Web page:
Aims/hypothesis: Tissue macrophage accumulation is thought to induce insulin resistance during obesity and stimulate the progression of diabetic nephropathy. Monocyte chemoattractant protein-1 (MCP-1) is a potent stimulator of macrophage recruitment. It is increased in adipose tissue during obesity and in diabetic kidneys, suggesting that inflammation of these tissues may be MCP-1-dependent. Based on these findings, the aim of this study was to examine whether a deficiency in MCP-1 would alter the development of type 2 diabetes and its renal complications.
Materials and methods: The role of MCP-1 in the progression of type 2 diabetes and its associated renal injury was assessed in obese db/db mice that were deficient in the gene encoding MCP-1 (Ccl2).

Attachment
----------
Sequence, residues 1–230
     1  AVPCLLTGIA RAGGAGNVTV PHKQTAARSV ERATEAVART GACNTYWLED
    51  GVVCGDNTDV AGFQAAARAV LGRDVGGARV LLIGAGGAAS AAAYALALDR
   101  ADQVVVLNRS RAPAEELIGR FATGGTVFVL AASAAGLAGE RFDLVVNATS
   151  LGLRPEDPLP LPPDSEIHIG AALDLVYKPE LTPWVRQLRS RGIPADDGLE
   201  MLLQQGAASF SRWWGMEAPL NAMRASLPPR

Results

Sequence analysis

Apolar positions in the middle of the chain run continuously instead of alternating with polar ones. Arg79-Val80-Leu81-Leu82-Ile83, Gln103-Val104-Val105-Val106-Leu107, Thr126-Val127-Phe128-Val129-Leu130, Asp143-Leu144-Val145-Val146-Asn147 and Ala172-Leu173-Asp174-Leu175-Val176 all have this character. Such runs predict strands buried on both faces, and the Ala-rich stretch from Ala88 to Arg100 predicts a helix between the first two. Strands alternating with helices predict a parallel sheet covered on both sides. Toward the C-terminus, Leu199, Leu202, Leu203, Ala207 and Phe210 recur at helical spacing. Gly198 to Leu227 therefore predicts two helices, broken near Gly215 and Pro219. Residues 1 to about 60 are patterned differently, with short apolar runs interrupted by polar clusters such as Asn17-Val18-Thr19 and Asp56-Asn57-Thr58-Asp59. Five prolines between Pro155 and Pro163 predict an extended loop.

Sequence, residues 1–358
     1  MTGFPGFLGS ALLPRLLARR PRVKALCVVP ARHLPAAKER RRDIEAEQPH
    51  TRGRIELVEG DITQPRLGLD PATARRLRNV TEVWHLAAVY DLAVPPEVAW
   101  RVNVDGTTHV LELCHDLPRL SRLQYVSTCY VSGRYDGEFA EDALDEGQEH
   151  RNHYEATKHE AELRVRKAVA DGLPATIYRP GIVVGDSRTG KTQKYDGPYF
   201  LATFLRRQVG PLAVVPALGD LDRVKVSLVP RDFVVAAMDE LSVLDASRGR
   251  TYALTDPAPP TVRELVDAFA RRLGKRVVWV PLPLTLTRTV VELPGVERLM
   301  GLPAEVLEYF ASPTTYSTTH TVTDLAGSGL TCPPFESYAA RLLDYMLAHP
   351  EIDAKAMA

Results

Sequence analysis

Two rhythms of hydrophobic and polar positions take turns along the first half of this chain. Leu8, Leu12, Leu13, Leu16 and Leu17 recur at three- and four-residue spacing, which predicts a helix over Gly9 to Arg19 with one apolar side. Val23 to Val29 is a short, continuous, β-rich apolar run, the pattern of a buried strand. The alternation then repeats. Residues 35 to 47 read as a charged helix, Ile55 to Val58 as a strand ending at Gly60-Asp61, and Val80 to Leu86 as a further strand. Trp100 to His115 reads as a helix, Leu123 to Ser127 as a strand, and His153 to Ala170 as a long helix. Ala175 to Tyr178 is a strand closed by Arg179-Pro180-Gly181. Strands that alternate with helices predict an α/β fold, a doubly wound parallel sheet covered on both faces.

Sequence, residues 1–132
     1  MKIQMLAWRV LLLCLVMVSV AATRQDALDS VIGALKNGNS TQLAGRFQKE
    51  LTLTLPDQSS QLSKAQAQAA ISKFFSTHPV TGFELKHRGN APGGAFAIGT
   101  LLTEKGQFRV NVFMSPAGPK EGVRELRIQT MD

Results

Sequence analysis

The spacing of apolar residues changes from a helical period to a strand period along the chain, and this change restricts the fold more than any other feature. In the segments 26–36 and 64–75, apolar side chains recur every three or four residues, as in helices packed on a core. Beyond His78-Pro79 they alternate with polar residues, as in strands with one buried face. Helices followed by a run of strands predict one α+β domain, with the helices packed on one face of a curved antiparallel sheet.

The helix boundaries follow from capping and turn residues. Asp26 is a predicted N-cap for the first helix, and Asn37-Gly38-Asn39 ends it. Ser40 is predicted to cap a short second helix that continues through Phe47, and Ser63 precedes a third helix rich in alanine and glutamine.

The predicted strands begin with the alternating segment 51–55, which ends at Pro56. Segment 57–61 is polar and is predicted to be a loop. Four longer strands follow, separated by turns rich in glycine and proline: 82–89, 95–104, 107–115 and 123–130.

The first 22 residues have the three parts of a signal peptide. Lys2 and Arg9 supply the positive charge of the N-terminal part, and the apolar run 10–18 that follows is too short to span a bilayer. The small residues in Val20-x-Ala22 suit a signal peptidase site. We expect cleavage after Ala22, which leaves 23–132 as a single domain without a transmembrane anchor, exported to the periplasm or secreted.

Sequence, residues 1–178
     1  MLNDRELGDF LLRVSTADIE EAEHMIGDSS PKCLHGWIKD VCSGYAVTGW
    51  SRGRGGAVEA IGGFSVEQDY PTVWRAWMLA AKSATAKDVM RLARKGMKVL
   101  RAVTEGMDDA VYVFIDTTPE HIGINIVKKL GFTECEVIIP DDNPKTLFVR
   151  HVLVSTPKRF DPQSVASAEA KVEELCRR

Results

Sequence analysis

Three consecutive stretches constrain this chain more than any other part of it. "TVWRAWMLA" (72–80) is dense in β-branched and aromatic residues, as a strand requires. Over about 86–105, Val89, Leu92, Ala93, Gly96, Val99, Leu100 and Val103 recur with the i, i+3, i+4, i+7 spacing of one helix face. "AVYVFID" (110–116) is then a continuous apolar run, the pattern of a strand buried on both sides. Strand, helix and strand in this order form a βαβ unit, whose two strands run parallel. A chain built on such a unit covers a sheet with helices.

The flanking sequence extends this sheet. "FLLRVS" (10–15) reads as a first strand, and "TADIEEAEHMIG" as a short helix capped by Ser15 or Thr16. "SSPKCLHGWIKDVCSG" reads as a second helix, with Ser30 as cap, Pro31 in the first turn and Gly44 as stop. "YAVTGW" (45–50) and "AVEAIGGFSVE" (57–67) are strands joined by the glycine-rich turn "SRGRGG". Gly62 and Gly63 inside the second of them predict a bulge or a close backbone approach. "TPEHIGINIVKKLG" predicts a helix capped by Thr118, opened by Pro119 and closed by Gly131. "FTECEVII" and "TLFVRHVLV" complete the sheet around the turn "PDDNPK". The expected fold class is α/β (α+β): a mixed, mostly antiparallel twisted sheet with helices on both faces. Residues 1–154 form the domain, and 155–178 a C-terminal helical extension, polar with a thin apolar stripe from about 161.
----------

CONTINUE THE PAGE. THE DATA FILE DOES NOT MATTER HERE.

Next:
Results: The incidence and development of type 2 diabetes were similar in Ccl2(+/+) and Ccl2(-/-) db/db mice between 8 and 32 weeks of age. Body mass, hyperglycaemia, hyperinsulinaemia, glucose and insulin tolerance, plasma triacylglycerol and serum NEFA were not different between these strains. Pathological changes in epididymal adipose tissue, including increases in macrophage accumulation and Tnfa mRNA and reductions in Adipoq mRNA, were unaffected by the absence of MCP-1. In contrast, kidney macrophage accumulation and the progression of diabetic renal injury (albuminuria, histopathology, renal fibrosis) were substantially reduced in Ccl2(-/-) compared with Ccl2(+/+) db/db mice with equivalent diabetes.
Conclusions/interpretation: Our study demonstrates that MCP-1 promotes type 2 diabetic renal injury but does not influence the development of obesity, insulin resistance or type 2 diabetes in db/db mice. MCP-1 plays a critical role in inflammation of the kidney, but not adipose tissue, during the progression of type 2 diabetes.